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| Friday, February 23, 2024
|Galerie Esther Woerdehoff brings together the work of twenty-one artists in the exhibition "Urban Spirit"
Kourtney Roy, Manhole, 2017. Baryta colour inkjet print, 60 x 90 cm. Image: © Kourtney Roy, courtesy Galerie Esther Woerdehoff.
PARIS.- "The city exists as a mass and is scattered in seeds, in gramen, but what raises and rouses these seeds, touches them, makes them spin, is the luminous palpitation of the beings who walk through it, these are the paths themselves". Jean-Christophe Bailly
Each of the works in the exhibition "Urban Spirit" is like one of the seeds mentioned by Jean-Christophe Bailly: receptacles of germinating potential, urban experiences of ready to bloom.
Through the works of twenty-one artists, the exhibition poses the question of what the 'life' of a city is. Whether panoramic or fragmented, the image of urban space is constantly charged by life, even when humans aren't involved.
The city is a body, with a nervous system and limbs. Like every being, it is traversed by the paradox of being inhabited by stability as well as movement, identity as well as change. It is a plurality, a community of destinies and subject to the vagaries of the lives that inhabit it.
The exhibited works are inscribed in this confrontation with the other that is the urban space. Whether it provides the setting or subject of the work, the city is this mass of blurred and elusive contours with which we are confronted, including those that dont live there. For the contemporary city is overflowing and constantly spreading according to an agglutinative logic.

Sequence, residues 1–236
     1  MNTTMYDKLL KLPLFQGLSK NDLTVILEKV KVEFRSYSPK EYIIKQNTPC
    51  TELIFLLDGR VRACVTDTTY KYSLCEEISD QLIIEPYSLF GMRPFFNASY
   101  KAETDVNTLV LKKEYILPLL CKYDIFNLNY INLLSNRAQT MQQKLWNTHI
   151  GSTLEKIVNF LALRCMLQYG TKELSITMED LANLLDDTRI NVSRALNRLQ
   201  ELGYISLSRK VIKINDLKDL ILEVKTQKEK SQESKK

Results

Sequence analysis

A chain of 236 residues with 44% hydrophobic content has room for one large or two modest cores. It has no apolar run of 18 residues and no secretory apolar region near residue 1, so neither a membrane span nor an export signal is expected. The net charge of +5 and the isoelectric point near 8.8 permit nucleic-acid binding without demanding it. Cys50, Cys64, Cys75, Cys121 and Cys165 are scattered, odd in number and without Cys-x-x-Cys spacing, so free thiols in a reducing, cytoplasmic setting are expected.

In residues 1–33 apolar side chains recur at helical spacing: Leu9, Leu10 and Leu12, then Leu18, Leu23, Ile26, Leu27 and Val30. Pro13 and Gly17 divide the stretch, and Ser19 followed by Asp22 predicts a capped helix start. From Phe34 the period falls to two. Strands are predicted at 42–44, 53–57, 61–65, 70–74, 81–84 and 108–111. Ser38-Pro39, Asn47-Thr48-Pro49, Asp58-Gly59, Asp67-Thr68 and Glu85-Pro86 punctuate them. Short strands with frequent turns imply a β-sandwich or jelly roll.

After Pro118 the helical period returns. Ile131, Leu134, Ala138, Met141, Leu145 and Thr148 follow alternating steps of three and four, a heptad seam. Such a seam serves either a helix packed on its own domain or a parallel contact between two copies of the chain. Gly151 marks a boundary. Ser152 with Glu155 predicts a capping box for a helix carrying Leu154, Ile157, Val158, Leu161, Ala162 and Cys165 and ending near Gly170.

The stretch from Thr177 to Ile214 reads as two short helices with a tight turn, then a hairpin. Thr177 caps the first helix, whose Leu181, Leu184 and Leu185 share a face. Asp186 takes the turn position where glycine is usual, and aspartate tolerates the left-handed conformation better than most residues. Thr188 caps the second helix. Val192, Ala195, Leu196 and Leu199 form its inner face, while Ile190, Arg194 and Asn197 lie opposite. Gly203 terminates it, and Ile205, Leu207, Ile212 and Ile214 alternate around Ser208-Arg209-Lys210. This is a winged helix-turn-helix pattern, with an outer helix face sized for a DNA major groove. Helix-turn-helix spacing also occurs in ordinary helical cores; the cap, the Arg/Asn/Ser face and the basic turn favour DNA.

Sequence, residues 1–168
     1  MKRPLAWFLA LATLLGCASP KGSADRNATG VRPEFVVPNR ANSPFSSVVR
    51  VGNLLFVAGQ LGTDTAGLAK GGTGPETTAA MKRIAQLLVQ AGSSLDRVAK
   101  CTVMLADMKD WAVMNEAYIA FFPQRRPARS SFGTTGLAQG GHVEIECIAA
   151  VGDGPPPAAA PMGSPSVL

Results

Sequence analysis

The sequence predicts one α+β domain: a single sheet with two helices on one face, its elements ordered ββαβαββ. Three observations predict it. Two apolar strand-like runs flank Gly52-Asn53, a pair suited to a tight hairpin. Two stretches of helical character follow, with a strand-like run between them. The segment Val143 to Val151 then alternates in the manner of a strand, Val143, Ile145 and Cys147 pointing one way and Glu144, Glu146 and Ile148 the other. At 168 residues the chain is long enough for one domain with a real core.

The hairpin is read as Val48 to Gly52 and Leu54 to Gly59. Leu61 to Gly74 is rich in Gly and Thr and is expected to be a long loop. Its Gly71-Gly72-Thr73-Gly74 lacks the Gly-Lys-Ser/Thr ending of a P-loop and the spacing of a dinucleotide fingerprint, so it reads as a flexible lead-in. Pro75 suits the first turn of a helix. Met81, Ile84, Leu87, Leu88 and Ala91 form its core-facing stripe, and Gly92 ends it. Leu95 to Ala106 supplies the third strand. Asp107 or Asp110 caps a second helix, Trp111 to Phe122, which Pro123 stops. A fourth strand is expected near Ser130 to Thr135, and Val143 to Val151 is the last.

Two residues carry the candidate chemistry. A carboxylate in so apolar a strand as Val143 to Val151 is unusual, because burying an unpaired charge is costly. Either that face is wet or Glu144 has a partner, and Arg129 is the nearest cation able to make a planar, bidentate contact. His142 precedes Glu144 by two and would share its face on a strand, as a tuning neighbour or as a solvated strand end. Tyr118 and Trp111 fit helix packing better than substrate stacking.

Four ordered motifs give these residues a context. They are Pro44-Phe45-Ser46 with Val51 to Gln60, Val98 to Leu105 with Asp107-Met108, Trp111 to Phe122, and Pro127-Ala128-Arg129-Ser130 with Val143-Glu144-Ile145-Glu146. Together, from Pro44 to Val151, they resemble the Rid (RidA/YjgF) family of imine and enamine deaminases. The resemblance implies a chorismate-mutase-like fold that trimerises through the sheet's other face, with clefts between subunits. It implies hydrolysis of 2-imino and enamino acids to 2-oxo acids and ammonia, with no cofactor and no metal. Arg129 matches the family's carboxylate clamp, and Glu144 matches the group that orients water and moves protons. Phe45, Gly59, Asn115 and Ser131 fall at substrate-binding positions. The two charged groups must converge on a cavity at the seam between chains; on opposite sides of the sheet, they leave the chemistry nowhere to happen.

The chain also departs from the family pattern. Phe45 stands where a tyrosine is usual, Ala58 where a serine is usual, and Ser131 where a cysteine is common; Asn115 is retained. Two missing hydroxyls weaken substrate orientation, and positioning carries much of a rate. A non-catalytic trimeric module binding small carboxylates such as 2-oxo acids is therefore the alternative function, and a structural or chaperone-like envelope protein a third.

Therefore, "Urban Spirit" unfolds around works that capture the different ways of being in a city. From Beirut to New York, via Paris, Seoul and Algiers, cities tell their own stories and give us a glimpse of what drives them.
Under the lens of Stephen Shames in New York, the city becomes a playground for rebellious teenagers; Édouard Boubat immortalises the world of young children in a Parisian garden.
We dream big when contemplating the grace Louis Stettner captures. At other times, life unfolds in waiting, in retreat, as the city's inhabitants emerge timidly from the urban opacity, such as in the street scenes captured by Chervine. In Dinah Diwan's work, the city is cobbled together and adopts the contours of an emotional cartography.
Giving the city a chance to tell its own story also means allowing it to express itself in a confrontation with the radical nature of architecture. Whether buildings become pictorial motifs in the work of Stéphane Couturier and Youcef Krache, or lace the sky and the asphalt in the work of Jason Langer and Algimantas Kezys, they construct the syntax of urban space.
Other artists, such as Kourtney Roy and Michael von Graffenried, depict the city as the theatre of absurd situations, in which humans are at odds with the urbanity that surrounds them.
The entry point into what makes a city pulsate can also take place through planes of glass of large bay windows, as is the case in the voyeuristic images of Gail Halbert Halaban.
The city can also be portrayed by revealing the invisible, when Thierry Cohen captures the light pollution that masks the stars above Paris.
At other times, the city suggests the possibility of escape. These few suspended moments, as Arthur Tress shows, seem to tell us that it is possible to escape from its tumult.
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